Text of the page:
It’s kind of funny that this debate seems to have cooled down over the last few years following the beginning of what is popularly known as the War on Terror. Certain firearms bans are part of the Patriot Act, and no one wants to talk bad about that by golly, but on the other hand, when hordes of Islamic warriors came tearing out of the sky, who doesn’t want an old faithful shotgun at their side to introduce some of those fanatics to Allah?
My argument however has nothing to do with the chosen enemy of the decade—instead I wish to discuss the right to bear arms in general, in the context of the American Republic; the intent of the Constitutional writers (in my opinion), why they are right, and why they are wrong. Please keep in mind that I am writing this while my current firm has me out in what we call “The Field.” This involves a certain degree of isolation (though luckily electricity and my laptop have followed me here). This isolation equates to me having virtually no access to fact checking mediums, aside from a copy of the Bill of Rights and Constitution I keep on my computer along with some copies of the Federalist Papers. My statistics are quoted to the best of my memory from previous reading, and this makes me officially “Full of Shit.”
Our beloved Bill of Rights, written by visionary men more than two centuries ago, states:
“A well−regulated militia, being necessary to the security of a free State, the right of the people to keep and bear arms, shall not be infringed.”
The argument here usually falls in the area of “well-regulated militia.” Is this an armed populace, or is it a State run organization like the National Guard? There are two reasons this does not equate to the National Guard to me. First, the National Guard did not exist when the Bill of Rights was written. At that time, the militia was the Minutemen who were normal farmers and the like who heard people like Paul Revere screaming like bloody murder about Redcoats, went to their closets and pulled out their hunting rifles. These men later made up the Continental Army, but most of them just went home and put their rifles back in the closet. Later, individual states began to organize the National Guard.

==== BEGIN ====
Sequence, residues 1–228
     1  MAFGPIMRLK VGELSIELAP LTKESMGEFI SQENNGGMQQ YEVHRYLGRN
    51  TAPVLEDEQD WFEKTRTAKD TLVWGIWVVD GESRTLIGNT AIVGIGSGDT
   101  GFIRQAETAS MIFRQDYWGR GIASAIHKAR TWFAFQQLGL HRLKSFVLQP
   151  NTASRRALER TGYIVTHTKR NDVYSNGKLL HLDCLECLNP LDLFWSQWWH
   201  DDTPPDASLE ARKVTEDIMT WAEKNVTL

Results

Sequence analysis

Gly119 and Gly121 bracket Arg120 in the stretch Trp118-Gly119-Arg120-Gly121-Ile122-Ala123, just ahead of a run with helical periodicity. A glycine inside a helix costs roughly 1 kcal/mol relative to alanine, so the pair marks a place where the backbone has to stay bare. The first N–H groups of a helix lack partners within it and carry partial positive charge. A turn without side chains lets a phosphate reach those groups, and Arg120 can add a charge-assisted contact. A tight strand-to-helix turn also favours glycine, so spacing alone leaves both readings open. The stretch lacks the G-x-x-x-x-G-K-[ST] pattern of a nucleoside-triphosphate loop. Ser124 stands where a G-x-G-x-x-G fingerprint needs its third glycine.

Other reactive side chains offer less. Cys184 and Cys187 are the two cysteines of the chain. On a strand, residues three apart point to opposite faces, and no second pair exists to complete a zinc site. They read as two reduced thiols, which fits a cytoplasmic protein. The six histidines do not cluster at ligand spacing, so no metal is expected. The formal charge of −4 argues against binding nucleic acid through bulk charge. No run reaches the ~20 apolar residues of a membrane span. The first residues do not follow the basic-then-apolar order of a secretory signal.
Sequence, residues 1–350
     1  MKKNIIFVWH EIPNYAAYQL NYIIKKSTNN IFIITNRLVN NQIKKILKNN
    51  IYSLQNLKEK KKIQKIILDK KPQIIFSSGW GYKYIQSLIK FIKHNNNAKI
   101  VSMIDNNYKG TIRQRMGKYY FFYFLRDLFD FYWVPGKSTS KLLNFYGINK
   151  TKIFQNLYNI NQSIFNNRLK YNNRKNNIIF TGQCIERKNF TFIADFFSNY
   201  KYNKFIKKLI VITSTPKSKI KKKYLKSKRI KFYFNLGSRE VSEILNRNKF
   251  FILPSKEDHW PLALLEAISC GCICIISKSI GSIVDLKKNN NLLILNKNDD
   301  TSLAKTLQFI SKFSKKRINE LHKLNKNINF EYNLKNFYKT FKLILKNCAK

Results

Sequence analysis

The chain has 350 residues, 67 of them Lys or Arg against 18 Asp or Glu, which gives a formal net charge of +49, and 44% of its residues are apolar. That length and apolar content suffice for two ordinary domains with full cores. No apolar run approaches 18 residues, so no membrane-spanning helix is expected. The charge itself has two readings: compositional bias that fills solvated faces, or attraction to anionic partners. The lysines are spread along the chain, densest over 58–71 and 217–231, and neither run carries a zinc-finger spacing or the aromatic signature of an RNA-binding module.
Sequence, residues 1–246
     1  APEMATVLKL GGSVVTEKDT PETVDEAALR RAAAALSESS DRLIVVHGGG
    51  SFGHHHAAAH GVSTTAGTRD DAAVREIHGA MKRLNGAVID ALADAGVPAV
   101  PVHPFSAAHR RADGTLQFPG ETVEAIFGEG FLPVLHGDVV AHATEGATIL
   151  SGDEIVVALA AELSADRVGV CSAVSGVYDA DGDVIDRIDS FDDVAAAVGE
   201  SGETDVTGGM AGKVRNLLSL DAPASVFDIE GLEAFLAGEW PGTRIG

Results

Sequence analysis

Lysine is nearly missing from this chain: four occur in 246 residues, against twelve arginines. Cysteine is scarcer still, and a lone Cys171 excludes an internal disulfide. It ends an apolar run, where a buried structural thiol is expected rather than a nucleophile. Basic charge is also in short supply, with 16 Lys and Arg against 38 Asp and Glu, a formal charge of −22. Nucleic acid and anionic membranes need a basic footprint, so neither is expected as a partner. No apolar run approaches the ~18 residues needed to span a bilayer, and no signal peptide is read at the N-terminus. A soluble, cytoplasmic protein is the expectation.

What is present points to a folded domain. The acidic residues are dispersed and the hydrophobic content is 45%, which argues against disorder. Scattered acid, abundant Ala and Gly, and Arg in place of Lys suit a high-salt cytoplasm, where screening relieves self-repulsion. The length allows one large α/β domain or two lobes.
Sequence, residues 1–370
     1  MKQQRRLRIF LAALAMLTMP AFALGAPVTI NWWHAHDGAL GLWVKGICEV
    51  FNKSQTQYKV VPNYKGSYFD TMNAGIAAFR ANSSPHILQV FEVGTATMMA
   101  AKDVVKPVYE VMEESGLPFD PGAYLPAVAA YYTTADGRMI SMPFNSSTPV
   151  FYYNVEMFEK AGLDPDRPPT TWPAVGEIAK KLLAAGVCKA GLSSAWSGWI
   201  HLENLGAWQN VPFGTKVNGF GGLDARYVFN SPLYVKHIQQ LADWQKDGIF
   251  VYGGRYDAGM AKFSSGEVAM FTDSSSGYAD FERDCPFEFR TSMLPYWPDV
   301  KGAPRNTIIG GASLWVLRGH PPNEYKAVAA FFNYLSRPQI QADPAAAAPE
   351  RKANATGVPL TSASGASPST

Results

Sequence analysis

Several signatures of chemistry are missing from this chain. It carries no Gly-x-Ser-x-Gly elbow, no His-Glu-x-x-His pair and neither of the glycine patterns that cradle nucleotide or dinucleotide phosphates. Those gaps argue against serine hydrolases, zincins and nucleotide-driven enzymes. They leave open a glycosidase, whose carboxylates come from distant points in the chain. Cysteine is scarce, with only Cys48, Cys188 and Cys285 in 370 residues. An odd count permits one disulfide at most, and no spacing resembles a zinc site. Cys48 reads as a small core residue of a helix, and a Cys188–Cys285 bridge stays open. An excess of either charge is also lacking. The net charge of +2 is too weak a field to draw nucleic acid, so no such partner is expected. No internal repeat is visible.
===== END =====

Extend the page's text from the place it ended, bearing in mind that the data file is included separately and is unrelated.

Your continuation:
The second reason? You may have noticed in recent years, the National Guard has been federalized. Often, the NG has been looked upon as a second Reserve force, and deployed to War for the United States. In the War on Terror, the National Guard has been called in to defend airports, sea ports, and borders. If the Federal government can call on the National Guard for federal purposes, it is no longer just a well-regulated Militia; it then becomes a Federal Force.
And that is the problem- the Bill of Rights does not guarantee the right to bear arms for hunting. The Bill of Rights does not guarantee the right to bear arms for home defense from criminals. The Bill of Rights guarantees the right because it is necessary to “the security of a free state.” In other words, the people have guns to keep the Federal government in check, to secure the concept of a free state. Remember kids, this was written in the late 18th century. The idea of an imposed monarchy was common, and the idea of a government by the people, of the people, for the people was in its infancy. No one knew how this whole Republic thing would really work, and a lot of the Anti-Federalists were afraid that the President would seize control on the near future (indeed there is evidence that many of the Federalists thought that was a good idea). Allowing the Federal Government to take control over the agency that is supposed to keep them honest defies the intent of the Constitution.